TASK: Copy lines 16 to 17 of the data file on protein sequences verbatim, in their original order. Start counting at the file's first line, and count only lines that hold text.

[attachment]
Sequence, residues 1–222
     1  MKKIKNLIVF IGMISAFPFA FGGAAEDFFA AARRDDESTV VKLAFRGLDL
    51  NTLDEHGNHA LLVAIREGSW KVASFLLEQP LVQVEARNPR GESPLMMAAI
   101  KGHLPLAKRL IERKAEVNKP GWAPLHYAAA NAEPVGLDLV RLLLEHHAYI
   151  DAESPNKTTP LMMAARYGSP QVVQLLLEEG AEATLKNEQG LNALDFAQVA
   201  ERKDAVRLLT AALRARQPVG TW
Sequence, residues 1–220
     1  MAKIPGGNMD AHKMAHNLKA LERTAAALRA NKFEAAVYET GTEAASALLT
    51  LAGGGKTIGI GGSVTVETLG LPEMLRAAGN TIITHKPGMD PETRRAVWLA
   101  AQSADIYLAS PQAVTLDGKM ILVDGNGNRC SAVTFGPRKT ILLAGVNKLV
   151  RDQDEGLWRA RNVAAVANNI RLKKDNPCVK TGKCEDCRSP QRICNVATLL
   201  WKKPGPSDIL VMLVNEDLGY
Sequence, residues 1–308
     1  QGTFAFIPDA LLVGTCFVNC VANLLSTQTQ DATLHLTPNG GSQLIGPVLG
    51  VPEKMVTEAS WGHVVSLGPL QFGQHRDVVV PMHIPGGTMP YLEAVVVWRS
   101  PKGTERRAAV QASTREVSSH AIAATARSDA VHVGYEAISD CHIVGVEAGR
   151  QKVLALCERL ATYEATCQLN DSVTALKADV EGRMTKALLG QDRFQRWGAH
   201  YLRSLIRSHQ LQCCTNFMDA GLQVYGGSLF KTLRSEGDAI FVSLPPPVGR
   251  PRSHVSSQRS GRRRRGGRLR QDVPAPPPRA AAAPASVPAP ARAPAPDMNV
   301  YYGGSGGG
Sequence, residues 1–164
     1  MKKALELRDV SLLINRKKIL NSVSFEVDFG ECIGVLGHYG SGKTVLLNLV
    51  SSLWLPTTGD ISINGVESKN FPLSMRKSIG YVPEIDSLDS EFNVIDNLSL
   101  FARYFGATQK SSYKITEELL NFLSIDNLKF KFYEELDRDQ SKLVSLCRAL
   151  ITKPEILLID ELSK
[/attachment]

   101  PKGTERRAAV QASTREVSSH AIAATARSDA VHVGYEAISD CHIVGVEAGR
   151  QKVLALCERL ATYEATCQLN DSVTALKADV EGRMTKALLG QDRFQRWGAH